Zoos are cruel. Not only because they cage wild animals, but because those animals are subjected to intense scrutiny as they go about their mundane lives. It's not like you're going to see an exciting lion hunt in a zoo. No, most likely you'll be lucky to see the majestic beast yawn in sheer boredom. In the wild, such animals at least have the option of disappearing. But not in a cage.
We know a little of what it must be like to be one of the more intelligent animals in a zoo. On average, at least half of our day here in Timu is spent in a cage-like environment: our home compound. It's about 25 meters by 25 meters, with a chain-link fence and two gates.
A major pastime of the local children is coming to watch us through the fence. They swing by on the way to school for a quick morning look, like a visual bowl of cocoa puffs, hoping to catch a glimpse of us through an open window. After school, they come again for a longer, more satisfying gander, like an after-school high-protein snack. And like a lion in a zoo, we don't have to DO anything to be particularly interesting. Our mere existence is somehow inherently enthralling.
There is something almost obscene about having one's exit from one's house be an extremely noteworthy event. (Now I know why those snakes at the zoo never leave their little caves...) I build up my psychological courage and step outside the door to a chorus of whispered ntsuo 'a ke, ntsuo 'a ke! 'There he is, there he is!' I timidly shuffle to the shed or wherever it is I am going and return quickly to the house, like a spooked snow leopard, to a chorus of k'aa hok, k'aa hok! 'he's gone in the house, he's gone in the house!' Back to my cave I go.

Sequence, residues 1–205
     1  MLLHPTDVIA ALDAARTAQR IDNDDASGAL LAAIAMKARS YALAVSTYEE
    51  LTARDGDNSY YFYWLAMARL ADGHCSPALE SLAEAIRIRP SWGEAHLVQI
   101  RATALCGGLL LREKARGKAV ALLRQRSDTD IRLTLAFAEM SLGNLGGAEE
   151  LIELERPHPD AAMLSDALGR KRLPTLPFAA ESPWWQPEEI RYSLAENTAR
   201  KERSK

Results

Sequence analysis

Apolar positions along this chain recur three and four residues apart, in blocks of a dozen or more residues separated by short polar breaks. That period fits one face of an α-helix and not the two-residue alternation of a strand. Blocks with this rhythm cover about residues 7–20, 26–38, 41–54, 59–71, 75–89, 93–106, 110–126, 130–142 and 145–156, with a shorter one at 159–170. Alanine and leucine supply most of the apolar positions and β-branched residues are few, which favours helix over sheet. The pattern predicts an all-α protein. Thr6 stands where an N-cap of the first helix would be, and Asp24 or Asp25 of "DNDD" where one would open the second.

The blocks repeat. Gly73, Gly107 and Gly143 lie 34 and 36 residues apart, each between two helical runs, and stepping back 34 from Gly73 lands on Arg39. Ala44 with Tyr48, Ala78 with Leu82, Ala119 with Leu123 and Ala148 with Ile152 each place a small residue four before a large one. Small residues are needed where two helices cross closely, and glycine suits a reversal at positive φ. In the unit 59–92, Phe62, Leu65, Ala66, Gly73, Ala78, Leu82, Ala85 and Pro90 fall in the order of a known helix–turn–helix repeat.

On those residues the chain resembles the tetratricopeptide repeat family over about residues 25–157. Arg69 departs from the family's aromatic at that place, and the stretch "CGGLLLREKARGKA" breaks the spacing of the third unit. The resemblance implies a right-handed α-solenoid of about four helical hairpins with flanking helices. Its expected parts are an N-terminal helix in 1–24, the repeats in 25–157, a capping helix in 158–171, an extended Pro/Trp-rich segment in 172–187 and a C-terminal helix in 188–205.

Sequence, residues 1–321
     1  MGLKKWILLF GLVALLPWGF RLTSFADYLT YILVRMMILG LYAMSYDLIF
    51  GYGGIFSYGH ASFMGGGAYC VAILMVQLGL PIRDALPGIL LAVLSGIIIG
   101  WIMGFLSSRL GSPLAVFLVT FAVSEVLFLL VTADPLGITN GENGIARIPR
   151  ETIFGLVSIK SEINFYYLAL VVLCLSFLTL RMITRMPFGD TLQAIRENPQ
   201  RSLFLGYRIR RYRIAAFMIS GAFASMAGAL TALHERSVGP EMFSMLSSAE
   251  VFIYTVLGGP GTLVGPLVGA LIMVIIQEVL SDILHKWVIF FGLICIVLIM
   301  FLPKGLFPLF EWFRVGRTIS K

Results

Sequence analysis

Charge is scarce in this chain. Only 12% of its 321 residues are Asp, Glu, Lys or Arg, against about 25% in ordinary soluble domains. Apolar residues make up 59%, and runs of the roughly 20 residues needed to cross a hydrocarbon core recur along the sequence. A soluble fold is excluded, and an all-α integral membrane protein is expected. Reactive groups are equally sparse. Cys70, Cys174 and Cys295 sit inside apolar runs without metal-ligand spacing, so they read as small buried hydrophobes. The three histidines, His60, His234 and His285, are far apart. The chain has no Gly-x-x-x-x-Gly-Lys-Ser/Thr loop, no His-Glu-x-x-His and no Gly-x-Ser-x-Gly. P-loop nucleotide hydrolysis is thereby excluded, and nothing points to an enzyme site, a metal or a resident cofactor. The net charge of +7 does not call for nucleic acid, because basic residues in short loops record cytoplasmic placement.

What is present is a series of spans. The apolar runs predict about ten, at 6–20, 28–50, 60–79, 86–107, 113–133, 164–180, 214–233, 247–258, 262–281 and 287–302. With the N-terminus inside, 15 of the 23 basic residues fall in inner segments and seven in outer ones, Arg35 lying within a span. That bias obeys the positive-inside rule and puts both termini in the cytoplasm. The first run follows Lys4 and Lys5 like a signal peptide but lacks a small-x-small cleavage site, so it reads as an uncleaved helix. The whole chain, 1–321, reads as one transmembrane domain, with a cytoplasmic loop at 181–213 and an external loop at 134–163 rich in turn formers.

I really can't blame the kids. Instead of mud houses, we have stone houses. Instead of a fence made of sticks and logs, ours is made of metal and wires. Instead of one's two feet or a cheap Chinese bicycle, we have a shiny (well, it used to be, before the graffiti...), fascinating automobile. Our skin and hair are different. We talk a funny language. We do weird things, like stay in the house during the day, fiddle with weird objects, and other inscrutable activities. We are interesting to see.
But, to be honest, it feels dehumanizing. To be the victim of 'an ecstasy of curiosity', as Burton puts it (British explorer of East Africa), is not pleasant, at least for my personality type. But even though it feels that way, it's really not. In our American culture, staring is quite rude, but we're told that in other societies, staring is a way of showing how much you care. Leaving aside the potentially exploitative nature of being 'cared for' in this way, the kids here really have the right perspective.
You see, all human beings might rightly be the objects of an ecstatic curiosity, not because we are strange and weird cross-culturally, but because we are the crown of creation. Every human being IS glorious for the simple reason of being made in God's image. If only we all, like these children, could maintain an attitude of marvel at our fellow human beings, then we would probably treat everyone with more love and respect. My challenge is to learn to see those children at the fence as inherently enthralling because God made each one of them to hold eternity in their minds and hearts, to embody the cosmos, to incarnate the Spirit of Christ once again in the world today. Then, when they come over for a good stare, I can say ntuo 'a ki, ntuo 'a ki! 'There they are, there they are!'
(Oh, and it always helps us to get OUT of the cage.)
Next time you go to the zoo, say 'hi' to the animal, nod your head respectfully, see as much as you can in a couple of seconds, then, please, move on to the next exhibit. Trust me, if they could, the animals would thank you for it.